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Question is pretty much in the title. What is the greatest area that Germany (including das Deutsche Reich) ever covered. I'd expect it to be either during the World Wars or during the colonial era, but I couldn't find the numbers. Yet I might be wrong and there might be another answer.

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    Welcome to History, infinitezero! Please take the tour and read the help center. What has your research shown you so far? Where have you already searched? Please help us to help you. You may improve your question to comply with site guidelines with an edit and the help of How to Ask. Please specify time frame, colonial possessions included, direct control or legally part of the empire, etc… Thanks! – LangLangC Feb 17 '18 at 18:26
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Depends on what you mean by "Germany". In terms of modern ethno-national nation-states, the "core territories" of the Third Reich were the largest any modern German-language nation-state ever was, with the total area of the 1939 borders plus Alsace-Lorraine and the Danzig corridor being 633,786 square kilometres. The German Empire was a close second with its European territories equalling 540,857.54 km². However, if you include the German Empire's overseas colonial holdings, the German Empire would have an area of about 3.2 million km².

Taking the concept of "Germany" more loosely and applying it to include all German language polities, Austria-Hungary had larger European holdings than the contemporaneous German Empire, with a total area of 681,727 km². I've been unable to find an exact estimate of the total area of the German dominated Holy Roman Empire at it's territorial zenith in the 12th century, but it was larger than either the German or Austro-Hungarian empires in terms of European holdings, albeit with large swaths of their territory speaking Romance and/or Slavic languages.

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    Taking this great answer further back in time, Charlemagne's Franco-German empire might be worth mentioning. – Denis de Bernardy Feb 18 '18 at 5:08
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    @DenisdeBernardy That could be the largest area France ever controlled, and the largest area Germany ever controlled. Charles the Fat died in 888, had only one child as legitimate heir, so it got divided up with the left part becoming France, middle and right part becoming Germany (kind of, things are not that easy). – gnasher729 Feb 18 '18 at 12:47
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    @gnasher729: Yes, exactly. And the full empire (which also included chunks of Italy and Spain) seems, to me, worth a mention. – Denis de Bernardy Feb 18 '18 at 22:20
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Apart from what you mean by "Germany", the answer will also depend on what you mean by "controlled". Assuming that your answer to the first question is present-day Germany and its immediate nation-state predecessors (ie. Hitler's Third Reich, the Weimar republic and the "Deutsches Kaiserreich" founded in 1871, but not the Holy Roman Empire that is at least problematic in terms of "German-ness"), and assuming that "control" in your question means "military control", the answer to your question will probably be the territory occupied by German forces and its allies in late 1942 (i. e. before the Soviet advances that led to the encirclement of the German 6th army.) At this point of time, German military or its allies were present in the whole of Europe except the Iberian peninsula, the British isles, and Sweden; in most of the (Vichy-) French northern African territories and within the Soviet Union eastward to a frontline running roughly from St. Petersburg in the north via just west of Moscow to Stalingrad and the Volga and Ural rivers in the south.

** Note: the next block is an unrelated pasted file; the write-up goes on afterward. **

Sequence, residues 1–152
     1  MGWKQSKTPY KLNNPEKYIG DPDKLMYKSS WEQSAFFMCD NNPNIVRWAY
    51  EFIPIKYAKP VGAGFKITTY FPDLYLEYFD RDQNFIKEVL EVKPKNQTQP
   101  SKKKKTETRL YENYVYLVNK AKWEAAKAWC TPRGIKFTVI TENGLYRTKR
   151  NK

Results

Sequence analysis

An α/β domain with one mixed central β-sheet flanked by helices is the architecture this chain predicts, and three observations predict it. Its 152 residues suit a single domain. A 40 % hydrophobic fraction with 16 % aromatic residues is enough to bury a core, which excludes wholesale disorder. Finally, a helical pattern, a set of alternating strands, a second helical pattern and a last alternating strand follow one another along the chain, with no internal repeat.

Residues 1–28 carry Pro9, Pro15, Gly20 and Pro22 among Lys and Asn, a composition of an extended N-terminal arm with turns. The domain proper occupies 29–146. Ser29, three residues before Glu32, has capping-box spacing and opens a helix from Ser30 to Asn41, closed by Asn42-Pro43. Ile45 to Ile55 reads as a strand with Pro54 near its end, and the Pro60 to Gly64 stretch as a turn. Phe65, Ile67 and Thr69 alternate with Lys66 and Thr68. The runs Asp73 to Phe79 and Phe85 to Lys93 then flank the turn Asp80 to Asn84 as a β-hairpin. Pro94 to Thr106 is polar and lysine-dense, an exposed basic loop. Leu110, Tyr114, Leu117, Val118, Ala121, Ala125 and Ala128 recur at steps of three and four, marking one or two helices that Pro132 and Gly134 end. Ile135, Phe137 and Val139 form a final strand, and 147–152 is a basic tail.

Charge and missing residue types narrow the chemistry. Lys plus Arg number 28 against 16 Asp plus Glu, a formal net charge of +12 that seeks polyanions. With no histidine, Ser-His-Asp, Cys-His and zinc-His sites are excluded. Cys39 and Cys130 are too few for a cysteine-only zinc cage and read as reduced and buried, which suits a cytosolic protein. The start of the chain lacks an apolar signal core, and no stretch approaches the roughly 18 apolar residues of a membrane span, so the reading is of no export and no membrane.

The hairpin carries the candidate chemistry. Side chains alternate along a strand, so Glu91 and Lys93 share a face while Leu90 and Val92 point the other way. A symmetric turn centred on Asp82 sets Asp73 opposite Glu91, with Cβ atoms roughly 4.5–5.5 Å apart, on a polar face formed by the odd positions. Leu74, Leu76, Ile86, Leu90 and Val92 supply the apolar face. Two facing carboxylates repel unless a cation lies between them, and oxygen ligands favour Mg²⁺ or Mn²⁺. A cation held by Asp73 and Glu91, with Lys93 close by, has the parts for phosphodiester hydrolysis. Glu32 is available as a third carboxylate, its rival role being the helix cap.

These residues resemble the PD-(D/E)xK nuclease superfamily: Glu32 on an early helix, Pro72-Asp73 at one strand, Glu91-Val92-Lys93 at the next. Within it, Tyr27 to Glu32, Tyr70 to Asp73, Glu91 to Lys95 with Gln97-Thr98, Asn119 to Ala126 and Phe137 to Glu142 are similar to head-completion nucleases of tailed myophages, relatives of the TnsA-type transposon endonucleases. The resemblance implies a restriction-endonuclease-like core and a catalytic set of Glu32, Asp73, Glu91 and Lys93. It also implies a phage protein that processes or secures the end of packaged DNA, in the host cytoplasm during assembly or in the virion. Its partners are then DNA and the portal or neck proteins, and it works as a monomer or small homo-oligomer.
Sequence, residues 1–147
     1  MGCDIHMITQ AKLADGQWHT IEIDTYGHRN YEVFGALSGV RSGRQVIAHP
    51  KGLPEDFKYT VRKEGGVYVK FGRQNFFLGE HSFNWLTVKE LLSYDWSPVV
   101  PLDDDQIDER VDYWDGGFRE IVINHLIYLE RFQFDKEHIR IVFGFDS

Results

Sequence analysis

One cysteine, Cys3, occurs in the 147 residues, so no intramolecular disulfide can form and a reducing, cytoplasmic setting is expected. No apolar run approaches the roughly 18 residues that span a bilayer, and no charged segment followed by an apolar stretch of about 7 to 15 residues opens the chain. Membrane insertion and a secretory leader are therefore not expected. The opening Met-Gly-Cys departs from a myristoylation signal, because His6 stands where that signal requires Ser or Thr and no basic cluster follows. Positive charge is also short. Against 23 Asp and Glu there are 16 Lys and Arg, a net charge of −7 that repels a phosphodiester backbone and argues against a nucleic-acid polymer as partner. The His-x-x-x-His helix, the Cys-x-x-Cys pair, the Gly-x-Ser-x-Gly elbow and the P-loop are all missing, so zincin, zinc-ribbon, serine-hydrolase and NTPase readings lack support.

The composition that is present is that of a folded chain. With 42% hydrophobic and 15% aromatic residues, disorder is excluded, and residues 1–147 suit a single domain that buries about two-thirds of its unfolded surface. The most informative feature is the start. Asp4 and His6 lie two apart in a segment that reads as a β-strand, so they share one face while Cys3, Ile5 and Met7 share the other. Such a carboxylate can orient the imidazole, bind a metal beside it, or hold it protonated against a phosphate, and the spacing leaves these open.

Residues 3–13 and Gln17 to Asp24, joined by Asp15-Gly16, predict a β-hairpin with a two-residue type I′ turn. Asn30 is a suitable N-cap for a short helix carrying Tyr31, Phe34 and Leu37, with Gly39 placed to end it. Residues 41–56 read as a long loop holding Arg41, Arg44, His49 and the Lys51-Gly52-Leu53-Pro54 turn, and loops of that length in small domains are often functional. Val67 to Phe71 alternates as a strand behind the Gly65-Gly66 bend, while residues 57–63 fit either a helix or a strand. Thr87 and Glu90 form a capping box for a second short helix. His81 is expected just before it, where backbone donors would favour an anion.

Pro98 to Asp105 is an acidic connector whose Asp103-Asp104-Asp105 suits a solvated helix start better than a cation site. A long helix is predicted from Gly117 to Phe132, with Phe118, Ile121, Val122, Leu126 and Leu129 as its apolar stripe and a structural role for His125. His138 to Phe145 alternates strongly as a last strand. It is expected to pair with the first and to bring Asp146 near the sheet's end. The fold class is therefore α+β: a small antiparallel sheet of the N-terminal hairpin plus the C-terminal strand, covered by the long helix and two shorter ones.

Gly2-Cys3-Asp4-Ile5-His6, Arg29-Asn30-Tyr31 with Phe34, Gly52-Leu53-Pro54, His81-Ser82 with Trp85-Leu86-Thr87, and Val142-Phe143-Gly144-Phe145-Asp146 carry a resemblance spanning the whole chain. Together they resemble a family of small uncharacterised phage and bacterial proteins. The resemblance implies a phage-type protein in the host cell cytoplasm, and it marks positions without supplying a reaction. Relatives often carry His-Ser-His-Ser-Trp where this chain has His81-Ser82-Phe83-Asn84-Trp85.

By visual inspection of the globe, this should be somewhat larger than German pre-WW I colonial holdings in Africa (southeast, today Tanzania / Mozambique, southwest, today roughly Namibia, and roughly what is Cameroon today) and Southeast-Asia (mostly smaller isles and some territory in South China). According to this German wikipedia entry German state territory and colonial holdings totalled an area of 2.7 million km², while the above sketched area occupied during WW II should be something of 8 - 10 million km². (By comparison with the total area of Europe to the Ural mountains of 10 million km², precise numbers are harder to obtain, as the eastern European frontlines don't reflect today's state borders, so you can't just look up the areas of the states in question.)

  • Indeed the maximal military occupational expansion of Nazi Germany was probably the largest area of Europe occupied by German peoples. Whether or not all these areas were “controlled” is another matter, which is why I went for the 1939 borders plus Alsace and Danzig, as these areas were administered as integral provinces of Germany, while the occupied areas to the east were administered as quasi-colonial military frontiers. Also the German Empire had colonial holdings equaling 2,658,161 km2, which when added to the German Empire’s European state equals about 3.2 mil km2 – valuevillage Feb 18 '18 at 17:45
  • German military or its allies were present in the whole of Europe except the Iberian peninsula, the British isles, and Sweden; Thanks for completely forgotting about my country, Switzerland. – Bregalad Feb 6 at 10:03
  • You forgot Togo in African colonies. Not that it makes a significant difference in the area controlled, though. – Evargalo Feb 6 at 10:17

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